Keywords: food systems, sustainable diets, environment, metrics, resilience, système alimentaire, crise alimentaire, alimentation durablerégime alimentaire, résiliencedurabilité
    Date: 2014
  4. By: Tristan Le Cotty; Elodie Maître d’Hôtel; Raphaël Soubeyran; Julie Subervie
    Abstract: This paper investigates the reasons why African farmers differ in storage behavior and establishes a causal link between farmers’ time and risk preferences and storage. We first provide a stylized on farmstorage model in which impatience and risk aversion interact in the storage decision process. We show that impatience decreases grain storage whereas risk aversion may increase or decrease the quantity of grain stored from the harvest season to the lean season. We then test these propositions using original data on agricultural decisions, which we have collected from 1,500 farmers in two regions of Burkina Faso, who were also asked hypothetical questions about risk aversion and time discounting. Parameterized to our data, the model predicts that stored quantities decrease with impatience and increase with risk aversion. We then turn to an econometric analysis and provide an identification strategy which tackles a sample selection issue in our data [...].
    Date: 2014–07
  5. By: Mintewab Bezabih; Salvatore Di Falco; Alemu Mekonnen
    Abstract: This paper assesses the distinct impacts of weather and climate change measures on agricultural revenue of farm households in the Amhara region of Ethiopia. This distinction is highlighted by observations in the temperature data, which show that the pattern of temperature for both short term and long values follows a bell-shaped distribution, with the striking feature that the extreme ends of the distribution have fatter tails for the long term values. The analysis employs monthly rainfall and 14 temperature categories related to weather measures and four categories corresponding with the extreme ends of the long term temperature distribution. The analysis also distinguishes between summer and spring seasons and different crops in recognition of Ethiopia’s multi-cropping and multi-season agriculture. The major findings show that temperature effects are distinctly non-linear but only when the weather measures are combined with the extreme ends of the distribution of the climate measures. In addition, rainfall generally has a less important role to play than temperature, contrary to expectations in rain-fed agriculture.
    Date: 2014–02
  6. By: Hilel HAMADACHE (Marchés, Organisations, Institutions et Stratégies d'Acteurs, INRA; Institut Agronomique Méditerranéen de Montpellier, Centre International de Hautes Etudes Agronomiques Méditerranéennes); Sophie Drogue (Marchés, Organisations, Institutions et Stratégies d'Acteurs, INRA)
    Abstract: In this paper we present a Social accounting matrix and a computable general equilibrium model of the Algerian economy for 2009. The model is then use to perform scenarios simulation of reduction and removal of consumption subsidies on the wheat sector in Algeria.
    Keywords: social accounting matrix, general equilibrium, food subsidy, algeria, marché agricole, politique agricole, prix alimentaire, ble tendre, matricemodèle d'équilibre généralalgérie
    Date: 2014
  7. By: Owoo, Nkechi S. (University of Ghana); Naudé, Wim (Maastricht University)
    Abstract: The productivity of non-farm enterprises in rural Africa may be associated with the productivity of other spatially proximate farm and non-farm enterprises. To test for the presence and significance of such spatial autocorrelation we use data from the geo-referenced 2011 Ethiopian Rural Socioeconomic Survey (ERSS) and the 2010/2011 Nigeria General Household Survey (NGHS). We find evidence of significant spatial autocorrelation. Productivity of non-farm enterprises is widely dispersed across space in both countries. In Ethiopia rural non-farm enterprises are more productive in locations where farms are less productive. In Nigeria, we find evidence for spatial autocorrelation at the individual enterprise level but not at the community level, once we control for location variables. Hence, taking spatial autocorrelation into account using spatial lag and spatial error models, we find education, age, size of the household, religious affiliation and community infrastructure are significant determinants of the labour productivity of non-farm enterprises in Ethiopia and Nigeria. This is the first time, to the best of our knowledge, that the productivity of rural non-farm enterprises in Africa has been studied in this way.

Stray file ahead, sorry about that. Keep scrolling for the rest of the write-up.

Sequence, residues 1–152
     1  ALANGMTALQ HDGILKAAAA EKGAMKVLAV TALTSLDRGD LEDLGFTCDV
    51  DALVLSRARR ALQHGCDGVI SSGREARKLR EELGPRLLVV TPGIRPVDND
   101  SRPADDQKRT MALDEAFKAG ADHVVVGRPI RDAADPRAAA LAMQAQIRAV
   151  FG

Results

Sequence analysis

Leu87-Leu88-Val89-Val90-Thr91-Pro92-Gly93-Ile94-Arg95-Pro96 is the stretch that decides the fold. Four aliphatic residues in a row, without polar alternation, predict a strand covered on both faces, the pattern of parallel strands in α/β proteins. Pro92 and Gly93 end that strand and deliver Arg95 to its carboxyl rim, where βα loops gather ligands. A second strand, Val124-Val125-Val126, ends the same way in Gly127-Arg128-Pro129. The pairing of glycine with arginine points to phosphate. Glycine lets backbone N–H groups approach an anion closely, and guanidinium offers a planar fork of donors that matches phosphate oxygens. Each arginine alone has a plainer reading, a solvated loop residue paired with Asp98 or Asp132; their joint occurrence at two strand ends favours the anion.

Keywords: entrepreneurship, Africa, rural development, agriculture, spatial autocorrelation, Ethiopia, Nigeria
    JEL: L26 C21 M13 O55
    Date: 2014–06
  8. By: Donatella Baiardi (Department of Economics, Quantitative Methods and Business Strategies, University of Milano-Bicocca); Carluccio Bianchi (Department of Economics and Management, University of Pavia); Eleonora Lorenzini (Department of Economics and Management, University of Pavia)
    Abstract: This paper investigates the relevance of relative prices and world income as determinants of food exports for the top trading countries in the period 1992-2012 using a panel data framework. A distinction between processed and unprocessed goods is drawn and, within this last category, a specific focus on commodities is made. We find that price elasticities generally take lower values for processed goods, and the opposite holds for income elasticities. Processed goods are also characterized by an inverse relationship between price elasticities and average unit values. The overall analysis leads to the conclusion that both emerging and advanced countries should increase their export specialization in processed goods. Furthermore, developed economies could face the fierce competition from emerging countries by enhancing the quality content of their processed goods exports.
    Keywords: Food Exports, Price and Income elasticities, Cross-country comparisons, Panel data analysis, Panel Granger causality
    JEL: F14 L66 Q17 C23
    Date: 2014–07